Snake Venom Provides Clue to Heart Drugs

It helped scientists figure out why new medication harmed some patients

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WEDNESDAY, Aug. 18, 2004 (HealthDayNews) -- For once, snake venom may be helping save lives rather than putting them in danger. Scientists say a protein in venom gives valuable insight as to why a group of new heart medications called integrin antagonists cause more harm than good in some patients.

The drugs are designed to prevent blood clots from forming and causing heart attack during angioplasty, where doctors use a balloon-like device to clear narrowed arteries. Intravenous versions of integrin antagonists used during angioplasty have proved effective in most patients.

Oral forms of these drugs were developed for use by patients after they were discharged from the hospital. But research trials on the oral versions were halted after early results found a 33 percent increase in patient deaths. No clear cause for the deaths could be found.

Integrin antagonists block the body's natural clotting mechanism by targeting integrin, a protein on blood platelets, which is essential to the clotting process. Clotting begins when integrin receptors combine with fibrinogen, a protein in the fluid part of the blood. This causes blood platelets to collect at the site of an injury to stop blood loss.

In this new study, led by Wake Forest University Baptist Medical Center, researchers used a protein found in snake venom that binds to the integrin and blocks fibrinogen.

The scientists found the snake venom protein blocks the integrin receptors, just like the integrin antagonist drugs. But after the snake venom protein is withdrawn, some of the integrin receptors remain activated, meaning it's still possible for clotting to occur.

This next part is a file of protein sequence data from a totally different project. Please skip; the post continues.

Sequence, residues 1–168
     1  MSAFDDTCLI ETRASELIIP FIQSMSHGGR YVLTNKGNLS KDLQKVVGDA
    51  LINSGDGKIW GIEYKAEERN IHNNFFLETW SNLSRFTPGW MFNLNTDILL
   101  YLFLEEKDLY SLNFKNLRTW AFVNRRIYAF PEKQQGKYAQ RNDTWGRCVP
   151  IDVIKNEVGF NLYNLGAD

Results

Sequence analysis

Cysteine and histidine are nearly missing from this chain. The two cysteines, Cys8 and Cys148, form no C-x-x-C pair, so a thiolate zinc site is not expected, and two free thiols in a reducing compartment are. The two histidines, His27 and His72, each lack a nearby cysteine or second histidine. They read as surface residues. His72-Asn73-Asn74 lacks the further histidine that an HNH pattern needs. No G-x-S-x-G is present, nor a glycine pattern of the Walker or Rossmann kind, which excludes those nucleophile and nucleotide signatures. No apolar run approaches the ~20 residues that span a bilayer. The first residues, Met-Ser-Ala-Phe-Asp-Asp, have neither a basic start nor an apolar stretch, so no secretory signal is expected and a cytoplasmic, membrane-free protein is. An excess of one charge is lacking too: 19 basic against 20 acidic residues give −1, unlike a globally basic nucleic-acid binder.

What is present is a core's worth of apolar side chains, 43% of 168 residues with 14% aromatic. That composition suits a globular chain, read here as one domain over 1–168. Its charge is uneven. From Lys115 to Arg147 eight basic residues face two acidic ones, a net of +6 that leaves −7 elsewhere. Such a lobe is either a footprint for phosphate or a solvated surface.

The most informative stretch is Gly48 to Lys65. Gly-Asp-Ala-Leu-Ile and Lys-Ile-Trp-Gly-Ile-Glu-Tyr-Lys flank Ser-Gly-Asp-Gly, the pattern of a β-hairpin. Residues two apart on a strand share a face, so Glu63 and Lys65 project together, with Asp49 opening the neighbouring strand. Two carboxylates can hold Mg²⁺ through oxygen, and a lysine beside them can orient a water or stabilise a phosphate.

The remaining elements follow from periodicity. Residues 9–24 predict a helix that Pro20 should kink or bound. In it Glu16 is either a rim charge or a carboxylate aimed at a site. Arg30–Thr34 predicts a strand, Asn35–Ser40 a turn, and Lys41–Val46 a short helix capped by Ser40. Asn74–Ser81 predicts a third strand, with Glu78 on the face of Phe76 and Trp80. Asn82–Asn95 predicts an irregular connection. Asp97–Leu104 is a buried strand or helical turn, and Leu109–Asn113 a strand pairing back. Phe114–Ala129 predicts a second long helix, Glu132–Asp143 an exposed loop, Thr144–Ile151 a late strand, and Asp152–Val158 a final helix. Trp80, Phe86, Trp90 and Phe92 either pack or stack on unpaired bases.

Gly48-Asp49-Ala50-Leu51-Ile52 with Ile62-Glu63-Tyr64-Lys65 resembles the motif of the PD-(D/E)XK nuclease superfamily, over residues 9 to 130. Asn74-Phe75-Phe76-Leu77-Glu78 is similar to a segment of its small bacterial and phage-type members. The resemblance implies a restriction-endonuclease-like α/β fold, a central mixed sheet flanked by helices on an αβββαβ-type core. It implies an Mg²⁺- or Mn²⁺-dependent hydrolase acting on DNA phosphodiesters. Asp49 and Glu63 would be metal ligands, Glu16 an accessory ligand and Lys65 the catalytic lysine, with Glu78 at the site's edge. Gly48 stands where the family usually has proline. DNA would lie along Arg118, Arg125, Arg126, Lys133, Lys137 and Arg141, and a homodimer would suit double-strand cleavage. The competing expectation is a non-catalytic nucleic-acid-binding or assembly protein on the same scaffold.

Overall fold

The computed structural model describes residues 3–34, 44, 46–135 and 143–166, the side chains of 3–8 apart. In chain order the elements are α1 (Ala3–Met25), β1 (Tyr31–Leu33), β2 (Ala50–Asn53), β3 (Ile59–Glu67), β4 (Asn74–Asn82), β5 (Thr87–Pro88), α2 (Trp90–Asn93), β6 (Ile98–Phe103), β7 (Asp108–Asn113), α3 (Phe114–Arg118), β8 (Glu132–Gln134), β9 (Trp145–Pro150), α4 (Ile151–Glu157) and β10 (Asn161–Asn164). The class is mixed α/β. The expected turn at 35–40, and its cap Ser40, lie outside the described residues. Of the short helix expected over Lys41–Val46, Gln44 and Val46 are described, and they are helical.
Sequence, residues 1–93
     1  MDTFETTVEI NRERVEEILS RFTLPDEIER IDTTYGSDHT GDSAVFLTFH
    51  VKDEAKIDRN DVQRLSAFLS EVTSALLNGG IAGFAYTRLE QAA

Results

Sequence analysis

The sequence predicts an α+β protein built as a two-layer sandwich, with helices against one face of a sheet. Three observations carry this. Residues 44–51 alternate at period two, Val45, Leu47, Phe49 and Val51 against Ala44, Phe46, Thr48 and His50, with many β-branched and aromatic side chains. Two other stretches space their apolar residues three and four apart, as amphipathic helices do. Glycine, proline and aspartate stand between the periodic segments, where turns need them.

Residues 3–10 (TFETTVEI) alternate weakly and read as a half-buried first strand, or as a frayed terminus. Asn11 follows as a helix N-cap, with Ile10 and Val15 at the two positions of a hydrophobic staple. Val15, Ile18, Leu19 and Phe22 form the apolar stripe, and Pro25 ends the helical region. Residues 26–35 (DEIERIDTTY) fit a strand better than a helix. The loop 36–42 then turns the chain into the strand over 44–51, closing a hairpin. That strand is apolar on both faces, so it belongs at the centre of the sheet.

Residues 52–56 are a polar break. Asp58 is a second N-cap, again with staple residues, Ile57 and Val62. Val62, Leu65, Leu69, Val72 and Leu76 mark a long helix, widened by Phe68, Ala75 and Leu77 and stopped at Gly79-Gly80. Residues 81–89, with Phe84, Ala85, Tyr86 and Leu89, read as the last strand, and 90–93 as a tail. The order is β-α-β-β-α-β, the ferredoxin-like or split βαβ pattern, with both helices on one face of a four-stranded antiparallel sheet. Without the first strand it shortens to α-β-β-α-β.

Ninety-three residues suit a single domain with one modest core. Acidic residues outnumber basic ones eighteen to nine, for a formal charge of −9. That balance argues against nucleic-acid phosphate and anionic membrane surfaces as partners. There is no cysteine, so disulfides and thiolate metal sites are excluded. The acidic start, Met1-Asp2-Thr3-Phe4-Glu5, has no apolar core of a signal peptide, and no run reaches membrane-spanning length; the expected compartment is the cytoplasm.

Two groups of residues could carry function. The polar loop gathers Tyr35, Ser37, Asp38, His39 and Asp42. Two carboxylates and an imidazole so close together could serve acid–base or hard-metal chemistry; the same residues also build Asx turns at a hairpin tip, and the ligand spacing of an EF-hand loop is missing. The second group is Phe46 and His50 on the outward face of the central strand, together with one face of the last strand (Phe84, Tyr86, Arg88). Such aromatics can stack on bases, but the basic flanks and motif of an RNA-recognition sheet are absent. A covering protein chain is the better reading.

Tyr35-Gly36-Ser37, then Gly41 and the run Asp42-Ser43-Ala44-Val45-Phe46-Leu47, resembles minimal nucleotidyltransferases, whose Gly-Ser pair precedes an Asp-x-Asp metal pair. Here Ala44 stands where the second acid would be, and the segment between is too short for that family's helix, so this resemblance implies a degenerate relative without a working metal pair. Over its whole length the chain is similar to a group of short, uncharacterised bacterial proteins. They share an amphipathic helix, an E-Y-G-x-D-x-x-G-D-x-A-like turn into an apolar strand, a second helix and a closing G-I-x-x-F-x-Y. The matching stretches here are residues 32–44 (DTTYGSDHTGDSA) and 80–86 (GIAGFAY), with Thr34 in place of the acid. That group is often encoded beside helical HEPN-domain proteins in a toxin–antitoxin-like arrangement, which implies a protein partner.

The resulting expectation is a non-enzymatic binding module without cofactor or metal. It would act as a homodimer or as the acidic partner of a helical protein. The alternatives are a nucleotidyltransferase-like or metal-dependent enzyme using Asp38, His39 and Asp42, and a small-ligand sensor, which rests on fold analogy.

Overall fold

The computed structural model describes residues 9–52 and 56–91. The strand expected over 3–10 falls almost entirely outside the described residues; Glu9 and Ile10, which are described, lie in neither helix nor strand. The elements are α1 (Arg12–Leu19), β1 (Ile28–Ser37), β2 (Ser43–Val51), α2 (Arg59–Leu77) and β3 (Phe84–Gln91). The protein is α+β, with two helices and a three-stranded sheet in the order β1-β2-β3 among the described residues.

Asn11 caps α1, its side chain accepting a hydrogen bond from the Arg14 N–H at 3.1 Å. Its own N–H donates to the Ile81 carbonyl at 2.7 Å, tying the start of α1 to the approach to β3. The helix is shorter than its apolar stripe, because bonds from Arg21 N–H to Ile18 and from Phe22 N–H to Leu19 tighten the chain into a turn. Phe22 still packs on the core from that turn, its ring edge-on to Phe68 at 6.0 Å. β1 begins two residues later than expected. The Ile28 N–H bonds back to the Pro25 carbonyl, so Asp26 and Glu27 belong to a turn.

"Likewise, the drugs are effective at blocking the receptor, but some of the newer drugs also cause the receptor to remain activated. The beneficial effects of these drugs seem to be inseparable from their side effects," principal investigator Roy Hantgan said in a prepared statement.

He and his colleagues tested several intravenous and oral integrin antagonists and found that all had the same response in varying degrees.

"This results suggests that no matter how good a drug you develop, you're going to have this problem in some patients. We believe that drugs that are designed to bind to intergrin receptors inside the platelet, rather than on the surface, might have a better chance of working," Hantgan said.

The study appears in the current online issue of the Journal of Molecular Biology.

More information

The U.S. National Library of Medicine has more about angioplasty.

SOURCE: Wake Forest University Baptist Medical Center, news release, Aug. 17, 2004


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